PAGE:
|Posted:||November 23, 2015 03:04 PM|
|From:||Representative Scott Conklin|
|To:||All House members|
|Subject:||Tax Fairness Initiative|
|In the near future, I plan to introduce a “tax fairness initiative” consisting of two bills, one that will eliminate the vendor discount for retailers and another requiring Pennsylvania businesses to pay their fair share through combined reporting.
In recent weeks, there has been discussion of a “budget framework” that includes property tax relief and additional monies for education, both of which are funded by a 21% increase in the sales tax. However, there has been no mention of a tax on Marcellus Shale despite nearly 70% of Pennsylvanians favoring a tax on the industry. While I recognize the need for additional revenues that adequately fund schools and lower property taxes for our most vulnerable citizens, the sources of those monies should not be the working class. In order to protect the financial security of working Pennsylvanians, I am proposing two measures that will require businesses that operate in Pennsylvania to help resolve revenue issues.
My proposal consists of two bills that amend the Tax Reform Code of 1971. The first repeals the vendor discount in current law, which allows retailers to retain 1% of the sales tax remitted to the Commonwealth if it is transferred on-time. Elimination of the vendor discount will yield up to $85 million in annual revenue.
The other bill in my legislative package enacts combined reporting, a necessary step in closing the “Delaware Loophole.” Specifically, my bill requires corporations and their related subsidiaries to file taxes as a single company for state Corporate Net Income Tax purposes. Doing so would abolish a wide array of tax avoidance strategies that large foreign and multi-state corporations use to elude paying their fair share of taxes to Pennsylvania. In addition, combined reporting will make it easier for the Department of Revenue to collect taxes due on corporate income earned in Pennsylvania. If enacted, combined reporting could generate up to $700 million in additional annual revenues by Fiscal Year 2018-19.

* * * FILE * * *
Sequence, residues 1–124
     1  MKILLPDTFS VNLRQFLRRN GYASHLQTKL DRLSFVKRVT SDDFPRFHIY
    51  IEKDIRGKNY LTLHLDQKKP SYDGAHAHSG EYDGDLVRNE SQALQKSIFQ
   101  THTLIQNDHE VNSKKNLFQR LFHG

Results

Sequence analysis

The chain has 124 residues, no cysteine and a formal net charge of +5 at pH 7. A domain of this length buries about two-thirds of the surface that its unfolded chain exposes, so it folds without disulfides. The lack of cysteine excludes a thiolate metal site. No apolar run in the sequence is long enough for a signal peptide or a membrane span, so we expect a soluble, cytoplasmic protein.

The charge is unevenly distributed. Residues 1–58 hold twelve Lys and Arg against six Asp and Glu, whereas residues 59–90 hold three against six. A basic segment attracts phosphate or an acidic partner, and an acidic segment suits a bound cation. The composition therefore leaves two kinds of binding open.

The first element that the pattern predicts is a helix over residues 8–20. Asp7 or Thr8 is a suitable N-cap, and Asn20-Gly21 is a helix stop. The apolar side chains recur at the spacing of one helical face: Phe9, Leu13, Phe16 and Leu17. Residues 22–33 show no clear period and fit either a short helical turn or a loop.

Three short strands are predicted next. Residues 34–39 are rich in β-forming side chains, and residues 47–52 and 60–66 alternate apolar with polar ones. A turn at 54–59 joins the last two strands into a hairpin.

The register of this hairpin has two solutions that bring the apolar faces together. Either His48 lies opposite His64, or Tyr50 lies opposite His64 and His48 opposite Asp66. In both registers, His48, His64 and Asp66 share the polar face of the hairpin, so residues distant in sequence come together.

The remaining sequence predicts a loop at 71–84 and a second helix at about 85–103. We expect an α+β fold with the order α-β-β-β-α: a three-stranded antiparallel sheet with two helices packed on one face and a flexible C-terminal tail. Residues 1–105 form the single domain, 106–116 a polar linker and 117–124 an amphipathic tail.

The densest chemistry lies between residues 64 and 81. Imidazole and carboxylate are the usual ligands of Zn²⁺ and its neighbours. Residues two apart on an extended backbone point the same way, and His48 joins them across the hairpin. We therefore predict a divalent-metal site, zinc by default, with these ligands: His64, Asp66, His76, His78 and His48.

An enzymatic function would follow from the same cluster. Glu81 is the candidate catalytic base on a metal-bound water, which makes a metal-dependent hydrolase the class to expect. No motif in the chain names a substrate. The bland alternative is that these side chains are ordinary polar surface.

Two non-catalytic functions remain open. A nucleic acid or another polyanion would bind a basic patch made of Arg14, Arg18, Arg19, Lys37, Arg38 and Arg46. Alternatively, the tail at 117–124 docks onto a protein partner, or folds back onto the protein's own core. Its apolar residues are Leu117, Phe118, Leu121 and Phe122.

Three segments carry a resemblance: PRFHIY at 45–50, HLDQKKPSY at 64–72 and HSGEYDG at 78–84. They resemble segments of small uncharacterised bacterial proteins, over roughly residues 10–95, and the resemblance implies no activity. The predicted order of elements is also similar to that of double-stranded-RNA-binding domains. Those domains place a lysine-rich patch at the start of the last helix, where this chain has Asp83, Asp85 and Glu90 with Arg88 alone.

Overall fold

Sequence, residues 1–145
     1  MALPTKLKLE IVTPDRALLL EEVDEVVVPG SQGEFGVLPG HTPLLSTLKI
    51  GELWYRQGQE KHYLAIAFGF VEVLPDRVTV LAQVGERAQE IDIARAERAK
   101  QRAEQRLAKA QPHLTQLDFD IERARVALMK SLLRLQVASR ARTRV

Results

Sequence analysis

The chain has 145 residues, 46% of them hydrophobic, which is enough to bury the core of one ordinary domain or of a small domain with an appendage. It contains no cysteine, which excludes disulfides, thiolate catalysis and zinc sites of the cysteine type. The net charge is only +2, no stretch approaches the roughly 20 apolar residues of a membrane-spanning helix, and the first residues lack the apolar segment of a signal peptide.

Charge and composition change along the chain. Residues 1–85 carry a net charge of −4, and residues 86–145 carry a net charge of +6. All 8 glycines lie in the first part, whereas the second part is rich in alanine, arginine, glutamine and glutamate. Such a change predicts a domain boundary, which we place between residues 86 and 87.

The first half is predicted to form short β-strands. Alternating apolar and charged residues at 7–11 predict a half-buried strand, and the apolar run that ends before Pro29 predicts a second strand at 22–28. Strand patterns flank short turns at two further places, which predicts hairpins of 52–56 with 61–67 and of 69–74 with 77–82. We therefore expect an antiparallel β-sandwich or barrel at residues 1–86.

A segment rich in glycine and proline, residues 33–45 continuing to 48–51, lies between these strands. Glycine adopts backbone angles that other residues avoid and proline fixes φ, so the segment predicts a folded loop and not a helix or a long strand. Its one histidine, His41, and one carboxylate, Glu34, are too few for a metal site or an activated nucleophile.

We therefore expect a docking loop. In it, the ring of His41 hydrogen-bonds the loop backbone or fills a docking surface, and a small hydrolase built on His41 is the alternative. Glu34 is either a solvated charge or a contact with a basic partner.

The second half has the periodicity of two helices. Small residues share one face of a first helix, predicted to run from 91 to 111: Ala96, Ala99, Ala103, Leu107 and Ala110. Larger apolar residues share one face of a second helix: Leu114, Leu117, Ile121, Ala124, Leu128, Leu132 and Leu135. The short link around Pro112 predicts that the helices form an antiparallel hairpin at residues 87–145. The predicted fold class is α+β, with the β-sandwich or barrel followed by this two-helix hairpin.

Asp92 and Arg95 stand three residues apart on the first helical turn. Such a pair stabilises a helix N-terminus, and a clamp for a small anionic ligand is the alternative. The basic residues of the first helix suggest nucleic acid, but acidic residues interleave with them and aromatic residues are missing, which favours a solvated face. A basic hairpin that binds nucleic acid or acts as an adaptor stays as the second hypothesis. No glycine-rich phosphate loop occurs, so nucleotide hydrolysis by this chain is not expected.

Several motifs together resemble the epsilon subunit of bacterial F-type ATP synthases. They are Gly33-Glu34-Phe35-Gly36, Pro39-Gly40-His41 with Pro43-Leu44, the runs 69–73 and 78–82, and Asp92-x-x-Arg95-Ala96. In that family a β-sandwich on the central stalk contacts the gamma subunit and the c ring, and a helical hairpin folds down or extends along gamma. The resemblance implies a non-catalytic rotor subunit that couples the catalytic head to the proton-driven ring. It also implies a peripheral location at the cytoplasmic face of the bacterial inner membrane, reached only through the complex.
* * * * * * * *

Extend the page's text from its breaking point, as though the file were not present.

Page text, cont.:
With a budget impasse of more than five months and many Pennsylvanians beginning to feel the pinch, it is time to consider new methods of generating revenues rather than those that have not seen movement thus far. Working Pennsylvanians are not our only option for revenues, nor should they be our first. Please join me in sponsoring this important legislation, which provides revenue alternatives that can help end this budget stalemate.
Introduced as HB1757
|Description:||1) An Act amending the act of March 4, 1971, (P.L. 6, No. 2), otherwise known as the Tax Reform Code of 1971, in tax for education, repealing provisions relating to discount.
Introduced as HB1758
|Description:||2) An Act amending the act of March 4, 1971, (P.L. 6, No. 2), otherwise known as the Tax Reform Code if 1971, in corporate net income tax, further providing for definitions, for reports and payment and for consolidated reports; and, in general provisions, further providing for underpayment of estimated tax.|